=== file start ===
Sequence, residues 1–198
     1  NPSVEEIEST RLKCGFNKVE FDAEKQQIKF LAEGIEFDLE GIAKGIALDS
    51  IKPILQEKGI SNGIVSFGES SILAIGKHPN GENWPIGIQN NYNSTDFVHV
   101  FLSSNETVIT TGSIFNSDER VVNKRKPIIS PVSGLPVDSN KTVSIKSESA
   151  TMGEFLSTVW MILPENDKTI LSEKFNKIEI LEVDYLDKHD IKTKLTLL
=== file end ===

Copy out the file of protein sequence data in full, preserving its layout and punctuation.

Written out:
Sequence, residues 1–198
     1  NPSVEEIEST RLKCGFNKVE FDAEKQQIKF LAEGIEFDLE GIAKGIALDS
    51  IKPILQEKGI SNGIVSFGES SILAIGKHPN GENWPIGIQN NYNSTDFVHV
   101  FLSSNETVIT TGSIFNSDER VVNKRKPIIS PVSGLPVDSN KTVSIKSESA
   151  TMGEFLSTVW MILPENDKTI LSEKFNKIEI LEVDYLDKHD IKTKLTLL